Texas Panhandle

Today on High Plains Morning, we heard from Rachel Flores, Executive Director at the Amarillo Art Institute (AAI), about two upcoming exhibits in the Texas Panhandle this Spring. So if you’re an artist and want to submit your work, mark your calendar! There will be an exhibit hosted by The Art Center in Dumas, Texas in March. The works on display will be from students, members, and instructors of AAI. The deadline to submit is March 5 at 5:00 p.m.

Thanks so much to Tina Brohlin at the High Plains Food Bank for sharing an update on how things have been in the Texas Panhandle during the challenges of 2020. It’s a relief to know that our generous communities continue to come together to take care of those in need, and it’s a great reminder before the holidays to think about our neighbors who might be struggling. Hear our full interview on the link below:

For more information about the state of food insecurity in the region, here are a few statistics and fast facts from Tina:

While quarantine has seemingly slowed down many of our lives, one High Plains poet and author has been keeping very busy. Tonight at 7pm CT, Amarillo-based writer Chera Hammons launches her first novel, Monarchs of the Northeast Kingdom, with an online reading and discussion—and you’re invited.

“Equal suffrage, we beg for thee/ May we hide our wrongs in thee./May the ballot men have stole/ From their soiled hands be removed;/ If polluted, here’s the cure;/ Equal suffrage’ll make it pure./ ‘Vote for women’ is our cry;/ We will scream it till we die./ When we pass this earthly pale,/We may go to heaven or- well,/ Matters not our lot may be-/ Equal suffrage makes us free.”  

For live music lovers of the High Plains, this pandemic has been quite a challenge. While we are all trying to stay home and healthy, tucked away in our private spaces, our hearts grow ever fonder for the companionship and inspiration of getting lost in live performance. This Friday afternoon, arts communities to which we have grown accustomed.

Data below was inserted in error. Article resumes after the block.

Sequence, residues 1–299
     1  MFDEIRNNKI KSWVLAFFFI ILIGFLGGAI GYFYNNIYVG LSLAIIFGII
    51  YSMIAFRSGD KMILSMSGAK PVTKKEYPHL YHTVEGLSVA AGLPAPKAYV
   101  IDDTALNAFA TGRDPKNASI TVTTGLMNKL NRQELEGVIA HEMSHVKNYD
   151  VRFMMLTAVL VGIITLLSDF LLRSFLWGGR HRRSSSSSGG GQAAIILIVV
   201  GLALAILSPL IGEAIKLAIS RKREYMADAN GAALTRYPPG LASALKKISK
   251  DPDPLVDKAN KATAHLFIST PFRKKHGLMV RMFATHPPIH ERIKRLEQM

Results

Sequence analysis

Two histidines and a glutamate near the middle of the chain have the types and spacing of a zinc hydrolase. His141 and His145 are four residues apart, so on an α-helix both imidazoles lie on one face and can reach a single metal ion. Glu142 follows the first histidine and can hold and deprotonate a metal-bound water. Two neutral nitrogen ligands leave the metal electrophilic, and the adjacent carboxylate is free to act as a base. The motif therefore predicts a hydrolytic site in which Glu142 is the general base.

Data is from the Texas Department of Health and Human Services
Robin Valenzuela

As of Friday, with some variance as to when cases were reported to city and state health departments, there are 73 confirmed COVID-19 cases in the Texas panhandle, with a handful of counties seeing an increase over the past few days -- that as Gov. Greg Abbott gave an update about the state’s hospital capacity.

Thanks so much to Tina Brohlin of High Plains Food Bank for stopping by High Plains Morning today to remind Dalhart area residents about the enrollment event for the Commodity Supplemental Food Program (CSFP) this Thursday, August 29 from 9-11AM at the Good Samaritan Dalhart (104 Denrock). The event will allow eligible seniors age 60 and older to receive a monthly food box beginning in September.

Thanks so much to Joyce Knight, the Resource Development Director & Volunteer Coordinator at Catholic Charities of the Texas Panhandle, for stopping by High Plains Morning today to share information about their 20th Annual Salt & Pepper Luncheon that’s happening next Thursday, March 21st. For tickets and info, visit their website. They’re also on Facebook.

Here are the details:

4.0 Earthquake Rattles Amarillo Saturday

Oct 21, 2018
US Geological Survey

Residents of Amarillo and surrounding areas awoke Saturday morning to jostling beds and rattling walls, as a magnitude 4.0 earthquake shook the region.

Seismologist Jascha Polet told The Amarillo Globe-News that, “Without a more detailed analysis, it is difficult to state at this point […] whether this earthquake was tectonic in nature or associated with activities of the oil/gas industry.”

Today on High Plains Morning, we had a VERY full house. Tomorrow (September 1st) in Amarillo, the Yellow City Sounds Music Festival will rock Memorial Park on the main campus of Amarillo College from 2:00 to 10:00 p.m., so we welcomed some of the primary players into the HPPR Studio to tell us all about it.

Jonathan Baker

On Sunday night, a group of music lovers gathered in the backyard of a house on Teckla Street in Amarillo, to hear the songs of a Panhandle musician who has gained a national reputation in recent years.